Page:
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A Perfect Day

April 11, 2010

 This last day of my 51st year was perfect.  It began with coffee in bed with my honey, laptop on the covers and a couple of paragraphs of my next novel in progress written.   Next, off to the 8am workout at Rocky’s Gym, a weekly standing date with my daughter Eva.  She gets me there by her very presence and even when I think I might give up (the workouts are quite difficult) I hear her from across the room telling me I can do it, and I do.   I hopped in my truck and headed to the barn to hook up Kermit the trailer, and load up Utah the horse, to meet up with Elisabet my

Elisabet & Tango

seriously fun friend, at Lexington Reservoir, my old stomping grounds.  It was fitting to visit this place on the eve of my birthday.  When I was 19 and lived at Lexington, I got my first horse Billy Jack.  We rode all over the hills together and I don’t think we ever saw another human.  The place has changed a lot in 30 years, but it is also just the same. 

I had noticed the wind as soon as I woke up, the birch trees were whipping around outside my window.  Dark clouds were gathering like they were having a party, but I wasn’t worried.  The storm was due in the next day.  Rain drops that hadn’t read the weather report started to fall, my windshield wipers were pressed into action and I phoned Elisabet.  We decided to bring rain coats and go for it.  I opened my trailer and the wind found out and picked up all the loose hay in the manger and threw into my face.  I closed my eyes and used a towel to clean out the icky spent hay from my last trailer-out ride that stuck in moldy clumps to the metal.  Utah loaded without  a speck of hesitation and I knew that our adventure was on. 

Utah doesn't yet know about the 4 miles straight up.

The trail ascends sharply for about 4 miles.  Tango knew what to expect and Utah figured it out pretty quickly.  Elisabet and I were up out of the saddle as our horses worked hard to haul us up the steep grade.  I could feel Utah’s back rounded beneath me, the heat generated by his laboring body warming my chilly legs.  We came around a bend and the wind on the exposed ridge leaned into us with all its might.  Our horses turned into it, put their heads down and continued on.  Soon we were at the top and the sky cleared enough to see the Santa Clara Valley stretch as far as we could see below us.  We wound back into the hills and the city and its populace receded away like it was simply some remote photo that we had looked at for a minute.  Our ride down the mountain to our parked rigs was filled with great conversation and a tangible sense that we are damn lucky people.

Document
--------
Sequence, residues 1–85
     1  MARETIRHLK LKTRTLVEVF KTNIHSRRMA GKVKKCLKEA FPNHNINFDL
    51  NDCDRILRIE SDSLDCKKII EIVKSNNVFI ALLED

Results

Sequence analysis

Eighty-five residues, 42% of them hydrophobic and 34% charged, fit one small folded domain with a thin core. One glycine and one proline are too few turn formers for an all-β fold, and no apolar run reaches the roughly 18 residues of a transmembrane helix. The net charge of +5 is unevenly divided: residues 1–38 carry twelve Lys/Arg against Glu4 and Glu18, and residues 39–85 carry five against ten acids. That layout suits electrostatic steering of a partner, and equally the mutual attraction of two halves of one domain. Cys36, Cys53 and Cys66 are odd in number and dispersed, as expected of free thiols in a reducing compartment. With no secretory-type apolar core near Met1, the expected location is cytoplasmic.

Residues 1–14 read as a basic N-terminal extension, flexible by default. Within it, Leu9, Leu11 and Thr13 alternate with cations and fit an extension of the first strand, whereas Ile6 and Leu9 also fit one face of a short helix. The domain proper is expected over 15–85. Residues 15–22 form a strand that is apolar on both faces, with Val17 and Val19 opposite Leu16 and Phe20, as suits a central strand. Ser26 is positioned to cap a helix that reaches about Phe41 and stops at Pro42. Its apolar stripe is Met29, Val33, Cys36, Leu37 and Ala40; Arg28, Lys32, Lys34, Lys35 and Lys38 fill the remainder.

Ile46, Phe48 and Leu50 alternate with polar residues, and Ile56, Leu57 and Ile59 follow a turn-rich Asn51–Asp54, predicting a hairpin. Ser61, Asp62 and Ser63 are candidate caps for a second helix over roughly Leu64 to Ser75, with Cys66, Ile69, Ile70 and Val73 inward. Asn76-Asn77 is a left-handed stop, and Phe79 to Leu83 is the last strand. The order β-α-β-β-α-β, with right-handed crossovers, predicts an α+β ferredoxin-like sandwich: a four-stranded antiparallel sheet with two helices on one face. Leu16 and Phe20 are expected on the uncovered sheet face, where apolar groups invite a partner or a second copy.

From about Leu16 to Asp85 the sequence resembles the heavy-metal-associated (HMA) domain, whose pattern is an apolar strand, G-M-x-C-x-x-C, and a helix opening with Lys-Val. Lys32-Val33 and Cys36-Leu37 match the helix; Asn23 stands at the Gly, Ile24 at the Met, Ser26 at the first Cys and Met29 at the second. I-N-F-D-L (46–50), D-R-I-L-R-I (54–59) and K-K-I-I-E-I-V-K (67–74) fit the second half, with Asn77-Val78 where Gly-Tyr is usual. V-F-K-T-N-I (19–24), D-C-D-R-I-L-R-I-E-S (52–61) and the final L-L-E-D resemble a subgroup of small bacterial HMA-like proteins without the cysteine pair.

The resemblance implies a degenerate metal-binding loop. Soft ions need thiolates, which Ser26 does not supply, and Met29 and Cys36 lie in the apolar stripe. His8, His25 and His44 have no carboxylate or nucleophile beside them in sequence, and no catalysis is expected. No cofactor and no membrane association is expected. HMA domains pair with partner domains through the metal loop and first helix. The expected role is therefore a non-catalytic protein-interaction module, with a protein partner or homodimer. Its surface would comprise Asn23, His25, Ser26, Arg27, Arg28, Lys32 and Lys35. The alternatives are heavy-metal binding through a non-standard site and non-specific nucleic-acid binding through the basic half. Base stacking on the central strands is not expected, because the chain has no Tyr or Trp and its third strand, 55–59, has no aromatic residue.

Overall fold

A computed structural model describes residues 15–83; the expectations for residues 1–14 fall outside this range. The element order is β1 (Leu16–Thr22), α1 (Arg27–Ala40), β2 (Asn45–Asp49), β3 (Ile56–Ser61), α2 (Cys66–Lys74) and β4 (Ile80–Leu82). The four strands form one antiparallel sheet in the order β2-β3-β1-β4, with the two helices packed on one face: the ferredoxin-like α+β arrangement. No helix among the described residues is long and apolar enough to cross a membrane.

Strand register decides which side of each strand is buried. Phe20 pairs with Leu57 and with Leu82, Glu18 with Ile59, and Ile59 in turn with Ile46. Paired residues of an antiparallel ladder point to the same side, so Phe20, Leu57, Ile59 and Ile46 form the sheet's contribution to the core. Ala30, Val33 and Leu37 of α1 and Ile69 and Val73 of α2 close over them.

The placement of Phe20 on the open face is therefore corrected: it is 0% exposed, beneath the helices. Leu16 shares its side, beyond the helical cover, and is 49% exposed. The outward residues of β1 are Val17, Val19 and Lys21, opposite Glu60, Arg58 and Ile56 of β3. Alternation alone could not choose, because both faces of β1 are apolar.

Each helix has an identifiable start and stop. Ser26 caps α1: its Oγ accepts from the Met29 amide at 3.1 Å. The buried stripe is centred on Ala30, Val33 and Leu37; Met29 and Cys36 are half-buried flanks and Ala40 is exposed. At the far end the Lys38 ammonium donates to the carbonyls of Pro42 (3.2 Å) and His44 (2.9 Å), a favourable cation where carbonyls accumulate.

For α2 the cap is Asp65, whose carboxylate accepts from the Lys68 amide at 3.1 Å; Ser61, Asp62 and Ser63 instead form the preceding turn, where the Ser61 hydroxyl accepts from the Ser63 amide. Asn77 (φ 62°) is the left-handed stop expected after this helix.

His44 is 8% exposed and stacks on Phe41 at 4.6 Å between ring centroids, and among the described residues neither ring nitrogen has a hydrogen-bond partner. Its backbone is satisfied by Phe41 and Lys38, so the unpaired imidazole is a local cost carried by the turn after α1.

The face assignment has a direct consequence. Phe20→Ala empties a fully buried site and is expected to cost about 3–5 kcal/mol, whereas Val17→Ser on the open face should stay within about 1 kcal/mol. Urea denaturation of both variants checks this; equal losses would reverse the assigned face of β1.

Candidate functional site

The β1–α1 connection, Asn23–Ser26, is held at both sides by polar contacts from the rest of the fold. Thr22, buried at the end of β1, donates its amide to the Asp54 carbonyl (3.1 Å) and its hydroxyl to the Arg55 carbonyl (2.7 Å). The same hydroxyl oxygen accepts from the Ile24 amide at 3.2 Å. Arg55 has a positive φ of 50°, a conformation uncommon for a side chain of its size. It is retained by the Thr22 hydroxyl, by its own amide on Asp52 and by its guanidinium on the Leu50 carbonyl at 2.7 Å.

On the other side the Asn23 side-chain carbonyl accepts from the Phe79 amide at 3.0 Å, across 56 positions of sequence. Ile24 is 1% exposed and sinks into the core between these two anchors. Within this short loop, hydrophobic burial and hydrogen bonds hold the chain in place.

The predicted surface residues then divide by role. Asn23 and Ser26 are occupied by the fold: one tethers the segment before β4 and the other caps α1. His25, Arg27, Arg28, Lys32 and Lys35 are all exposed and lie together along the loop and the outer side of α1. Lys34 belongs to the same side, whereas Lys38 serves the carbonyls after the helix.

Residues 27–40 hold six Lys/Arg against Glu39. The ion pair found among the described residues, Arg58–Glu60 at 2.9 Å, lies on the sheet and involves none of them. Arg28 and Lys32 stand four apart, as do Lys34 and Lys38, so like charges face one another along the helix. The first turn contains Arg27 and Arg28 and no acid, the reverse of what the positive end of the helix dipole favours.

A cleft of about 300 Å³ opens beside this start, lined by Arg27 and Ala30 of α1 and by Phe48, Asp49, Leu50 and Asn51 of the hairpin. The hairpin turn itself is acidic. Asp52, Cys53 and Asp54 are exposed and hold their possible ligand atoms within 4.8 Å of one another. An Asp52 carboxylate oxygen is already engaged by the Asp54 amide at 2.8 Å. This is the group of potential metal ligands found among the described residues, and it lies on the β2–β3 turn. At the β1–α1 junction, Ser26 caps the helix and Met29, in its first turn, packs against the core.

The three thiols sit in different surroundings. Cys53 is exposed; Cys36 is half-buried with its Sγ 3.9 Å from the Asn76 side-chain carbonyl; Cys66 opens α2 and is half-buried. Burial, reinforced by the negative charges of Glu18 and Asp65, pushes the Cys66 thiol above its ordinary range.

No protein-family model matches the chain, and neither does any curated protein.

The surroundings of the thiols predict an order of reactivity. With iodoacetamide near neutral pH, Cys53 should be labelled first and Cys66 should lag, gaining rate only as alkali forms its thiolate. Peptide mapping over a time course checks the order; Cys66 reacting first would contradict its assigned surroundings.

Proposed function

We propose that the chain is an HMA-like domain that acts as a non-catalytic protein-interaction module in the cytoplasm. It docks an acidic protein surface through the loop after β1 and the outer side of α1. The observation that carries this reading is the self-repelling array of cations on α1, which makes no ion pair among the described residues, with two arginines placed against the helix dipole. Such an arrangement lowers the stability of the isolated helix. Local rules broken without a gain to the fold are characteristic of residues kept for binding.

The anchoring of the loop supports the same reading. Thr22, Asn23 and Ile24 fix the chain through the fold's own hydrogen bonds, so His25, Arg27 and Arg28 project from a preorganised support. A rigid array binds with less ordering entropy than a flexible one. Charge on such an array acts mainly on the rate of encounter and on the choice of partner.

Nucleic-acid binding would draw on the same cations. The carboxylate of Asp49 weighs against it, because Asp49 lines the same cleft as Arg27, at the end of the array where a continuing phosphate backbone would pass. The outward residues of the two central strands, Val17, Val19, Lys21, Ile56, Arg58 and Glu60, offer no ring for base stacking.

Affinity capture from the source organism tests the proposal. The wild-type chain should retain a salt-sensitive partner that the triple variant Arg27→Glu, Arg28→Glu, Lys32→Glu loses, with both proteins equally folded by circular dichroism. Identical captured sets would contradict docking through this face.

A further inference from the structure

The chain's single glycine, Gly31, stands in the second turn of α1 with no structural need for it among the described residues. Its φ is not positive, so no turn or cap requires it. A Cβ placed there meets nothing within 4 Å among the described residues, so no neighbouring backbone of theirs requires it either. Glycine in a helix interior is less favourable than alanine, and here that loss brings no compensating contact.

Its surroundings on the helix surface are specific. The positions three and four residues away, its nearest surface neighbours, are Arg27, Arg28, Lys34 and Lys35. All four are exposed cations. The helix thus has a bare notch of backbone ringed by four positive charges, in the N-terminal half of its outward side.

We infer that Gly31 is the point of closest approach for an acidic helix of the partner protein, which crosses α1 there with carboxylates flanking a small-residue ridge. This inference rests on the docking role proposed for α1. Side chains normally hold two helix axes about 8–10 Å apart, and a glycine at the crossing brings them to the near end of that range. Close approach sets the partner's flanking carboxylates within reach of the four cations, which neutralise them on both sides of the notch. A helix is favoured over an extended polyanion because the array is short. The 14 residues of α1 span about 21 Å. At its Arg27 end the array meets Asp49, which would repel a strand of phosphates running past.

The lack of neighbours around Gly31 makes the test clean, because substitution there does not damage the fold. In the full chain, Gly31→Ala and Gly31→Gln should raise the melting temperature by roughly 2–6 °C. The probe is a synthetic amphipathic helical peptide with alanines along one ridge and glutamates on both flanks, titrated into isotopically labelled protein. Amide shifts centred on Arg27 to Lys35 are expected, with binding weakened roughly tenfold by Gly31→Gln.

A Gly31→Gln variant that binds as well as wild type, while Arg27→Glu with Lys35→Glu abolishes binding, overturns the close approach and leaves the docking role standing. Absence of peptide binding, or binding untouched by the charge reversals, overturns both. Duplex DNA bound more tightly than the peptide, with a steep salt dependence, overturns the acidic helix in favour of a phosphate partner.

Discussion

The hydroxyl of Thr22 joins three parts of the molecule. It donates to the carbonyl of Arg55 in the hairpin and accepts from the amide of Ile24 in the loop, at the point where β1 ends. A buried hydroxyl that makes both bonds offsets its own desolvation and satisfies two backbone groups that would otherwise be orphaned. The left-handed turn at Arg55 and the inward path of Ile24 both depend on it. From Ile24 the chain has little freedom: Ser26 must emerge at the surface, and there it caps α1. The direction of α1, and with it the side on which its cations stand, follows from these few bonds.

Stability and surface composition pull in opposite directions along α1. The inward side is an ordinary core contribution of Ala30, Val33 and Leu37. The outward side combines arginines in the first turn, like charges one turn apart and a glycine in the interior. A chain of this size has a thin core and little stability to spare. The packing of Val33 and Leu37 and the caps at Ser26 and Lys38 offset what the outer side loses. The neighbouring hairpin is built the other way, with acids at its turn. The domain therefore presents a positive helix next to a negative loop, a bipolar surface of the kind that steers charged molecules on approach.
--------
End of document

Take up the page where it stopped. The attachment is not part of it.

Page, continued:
The wonder of this day was not yet over.  Tim & I had a gift certificate for the Tea House Spa where I had the privilege of having a massage with Adrian.  He also has an April birthday and had just turned 35 on the 6th.  We got to talking about age and what it meant to grow older, how the perspectives are so different as we journey through time.  Adrian recently went to a concert and he mentioned a comment made by the musician that just about sums up everything I have been thinking as I approach my birthday.  “If your life isn’t getting better as you get older, than you are doing something wrong.”

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3 Comments leave one →
  1. Elisabet permalink
    April 12, 2010 8:43 pm

    Not many of my friends are crazy (or wonderful?) enough to go out and RIDE in spite of the threatening rain!!! I’m glad that you are one of them! Another wonderful experience to put in the bucket of memories I’ll access when I need a smile!

    E.

  2. Helen Williams permalink
    April 12, 2010 11:30 pm

    I’m not sure it’s accurate for me that life goes in a one-way continuum as I get older, i.e. getting better as it goes as if on a linear progression. It seems to me that it waxes and wanes through the peaks and valleys, mostly unpredictable except in the way that I do get older every day. But my understanding of myself and, hopefully, my relationship to the world does get deeper as time goes by. What necessarily is important and true becomes more clear as opposed to things of fleeting importance, even though some of these things may have lasted awhile and may have offered some good fun. I guess for me, it’s not that life itself is better or worse as I get older. It’s my approach to it and perception of it that gets better.

    • April 13, 2010 1:46 am

      Peaks and valleys are the very things that catapult and drag us along on this road of life. I agree completely with your last sentence and since the reality is that the things that we do and the things that we have are all transcient, the only way our lives can really be better is through a change in approach and percerption. For me, this is the progression of life getting better, and I agree that a linear model does not really fit. I think I loved that sentence in my blog piece because I not only feel that way right now, but also because it is like a carrot in front of the mule.

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